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No Firm Agreement Reached as North Korea Nuclear Talks End - 2004-02-28

Talks hosted by China on North Korea's nuclear program have wrapped up with no concrete agreement, and North Korea says no progress was made. However, a senior U.S. official says the four-day dialogue among six nations exceeded Washington's expectations in the effort to end the nuclear dispute.

The U.S. official, speaking on condition of anonymity, said he believes the talks were successful in moving ahead toward the goal of convincing North Korea to "completely, verifiably and irreversibly" dismantle its nuclear weapons programs. He said that goal was essentially accepted by all participants, other than North Korea itself.

Chinese Deputy Foreign Minister Wang Yi briefed reporters following the conclusion of the talks.

Mr. Wang says the parties have unanimously agreed to continue the process of the peace talks. He says the delegates have agreed to a third round of six-party talks by the end of June.

Mr. Wang also announced the creation of low-level working groups that would address verification and other issues. An expected joint communiqué failed to materialize, however, because North Korea disagreed at the last minute with some of the proposed wording.

Speaking to reporters after the close of negotiations, the chief North Korean delegate, Kim Gye Gwan, accused the United States of undermining the negotiations.

Mr. Kim says that because of the U.S. attitude, the talks did not produce a substantial and positive result.

He also denied that North Korea has a uranium-enrichment program. It was the admission that Pyongyang did have such a program that touched off the crisis starting in late 2002.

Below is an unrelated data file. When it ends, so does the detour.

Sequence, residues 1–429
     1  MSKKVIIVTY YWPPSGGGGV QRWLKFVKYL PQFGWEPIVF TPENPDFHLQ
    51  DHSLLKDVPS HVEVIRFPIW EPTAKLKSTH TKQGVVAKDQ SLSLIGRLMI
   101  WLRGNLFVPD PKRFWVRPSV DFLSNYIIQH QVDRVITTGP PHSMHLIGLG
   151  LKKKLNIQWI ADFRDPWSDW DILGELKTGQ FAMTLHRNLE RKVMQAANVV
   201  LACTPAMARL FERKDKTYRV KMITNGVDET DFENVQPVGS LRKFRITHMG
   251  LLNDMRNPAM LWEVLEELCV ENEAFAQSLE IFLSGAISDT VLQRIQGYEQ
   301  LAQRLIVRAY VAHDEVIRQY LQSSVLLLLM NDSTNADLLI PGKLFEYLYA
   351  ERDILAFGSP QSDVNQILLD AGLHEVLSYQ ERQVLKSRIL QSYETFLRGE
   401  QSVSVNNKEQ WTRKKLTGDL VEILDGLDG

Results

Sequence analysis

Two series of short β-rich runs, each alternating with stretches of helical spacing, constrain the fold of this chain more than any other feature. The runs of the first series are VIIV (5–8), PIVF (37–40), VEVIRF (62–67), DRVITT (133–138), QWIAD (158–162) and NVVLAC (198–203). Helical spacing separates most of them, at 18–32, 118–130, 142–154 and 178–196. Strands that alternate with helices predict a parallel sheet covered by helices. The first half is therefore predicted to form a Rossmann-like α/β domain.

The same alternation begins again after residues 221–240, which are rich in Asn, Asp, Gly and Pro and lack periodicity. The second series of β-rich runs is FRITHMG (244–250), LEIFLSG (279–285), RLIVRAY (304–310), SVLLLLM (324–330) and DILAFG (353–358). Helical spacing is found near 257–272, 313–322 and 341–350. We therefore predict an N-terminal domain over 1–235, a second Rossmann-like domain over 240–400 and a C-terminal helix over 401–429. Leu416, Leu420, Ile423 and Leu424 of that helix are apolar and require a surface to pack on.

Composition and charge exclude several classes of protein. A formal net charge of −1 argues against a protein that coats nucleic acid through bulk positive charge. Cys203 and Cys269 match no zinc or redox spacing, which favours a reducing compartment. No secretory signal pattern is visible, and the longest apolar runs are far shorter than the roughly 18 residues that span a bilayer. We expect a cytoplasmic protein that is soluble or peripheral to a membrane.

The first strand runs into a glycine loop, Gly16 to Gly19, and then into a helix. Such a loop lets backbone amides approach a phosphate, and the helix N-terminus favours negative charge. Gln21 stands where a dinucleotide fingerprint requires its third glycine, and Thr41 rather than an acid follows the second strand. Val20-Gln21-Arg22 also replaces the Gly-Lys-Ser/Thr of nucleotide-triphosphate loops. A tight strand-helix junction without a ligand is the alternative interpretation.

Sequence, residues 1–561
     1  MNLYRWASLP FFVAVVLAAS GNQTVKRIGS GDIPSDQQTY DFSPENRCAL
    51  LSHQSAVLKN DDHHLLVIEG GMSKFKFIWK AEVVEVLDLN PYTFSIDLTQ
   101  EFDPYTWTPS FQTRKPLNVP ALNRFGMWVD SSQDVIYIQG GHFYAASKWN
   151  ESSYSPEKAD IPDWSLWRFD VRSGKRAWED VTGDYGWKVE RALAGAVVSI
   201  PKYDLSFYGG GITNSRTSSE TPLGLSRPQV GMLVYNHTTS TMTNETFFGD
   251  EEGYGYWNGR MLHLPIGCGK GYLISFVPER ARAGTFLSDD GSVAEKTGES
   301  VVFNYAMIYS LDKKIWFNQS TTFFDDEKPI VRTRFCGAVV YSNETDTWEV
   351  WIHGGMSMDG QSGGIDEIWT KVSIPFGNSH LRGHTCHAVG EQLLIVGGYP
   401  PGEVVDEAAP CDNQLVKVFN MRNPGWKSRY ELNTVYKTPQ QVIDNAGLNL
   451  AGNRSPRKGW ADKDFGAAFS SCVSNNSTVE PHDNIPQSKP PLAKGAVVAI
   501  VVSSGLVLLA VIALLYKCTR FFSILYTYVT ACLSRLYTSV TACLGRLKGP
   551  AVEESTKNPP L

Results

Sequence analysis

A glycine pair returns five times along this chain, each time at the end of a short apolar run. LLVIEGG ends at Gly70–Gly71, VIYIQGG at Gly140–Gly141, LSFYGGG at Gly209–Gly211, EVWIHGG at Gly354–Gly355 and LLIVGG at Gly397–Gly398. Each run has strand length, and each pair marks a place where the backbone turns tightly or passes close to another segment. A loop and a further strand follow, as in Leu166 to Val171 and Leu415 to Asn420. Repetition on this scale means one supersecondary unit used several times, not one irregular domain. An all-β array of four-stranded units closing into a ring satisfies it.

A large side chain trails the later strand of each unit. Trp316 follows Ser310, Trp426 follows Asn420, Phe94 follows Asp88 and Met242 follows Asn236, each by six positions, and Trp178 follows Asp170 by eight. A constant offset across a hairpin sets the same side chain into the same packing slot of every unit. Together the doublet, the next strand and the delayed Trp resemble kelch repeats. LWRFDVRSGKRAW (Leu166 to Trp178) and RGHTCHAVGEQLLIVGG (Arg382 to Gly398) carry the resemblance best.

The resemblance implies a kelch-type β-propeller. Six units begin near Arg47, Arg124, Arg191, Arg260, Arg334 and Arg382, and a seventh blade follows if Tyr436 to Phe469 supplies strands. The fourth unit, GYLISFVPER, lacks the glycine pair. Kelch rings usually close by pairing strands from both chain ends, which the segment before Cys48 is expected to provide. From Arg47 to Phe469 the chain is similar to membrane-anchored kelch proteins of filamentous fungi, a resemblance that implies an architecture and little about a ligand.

The negotiations brought together representatives of China, Japan, Russia, North and South Korea and the United States.

It was the second time in a year that the six nations gathered in Beijing in an effort to break the nuclear stalemate. The first meeting, in August, ended inconclusively. Analysts say that does not appear to be the case this time, despite the lack of a concrete agreement.

Professor Shen Ding Li, deputy director of the Center for American studies at Shanghai's Fudan University, says that by agreeing to establish working groups and continue the dialogue, all sides have come away with more than they had when they arrived.

"To meet [again] provides them another opportunity to resolve the problem, even though they could not resolve the problem this time. They had a choice to never meet again to resolve the problem," he said.

North Korea has said it is developing a nuclear deterrent to defend itself from a possible U.S. attack. Pyongyang proposes freezing its nuclear program in exchange for security guarantees and economic aid.

Washington is demanding a complete dismantling of North Korea's nuclear weapons programs.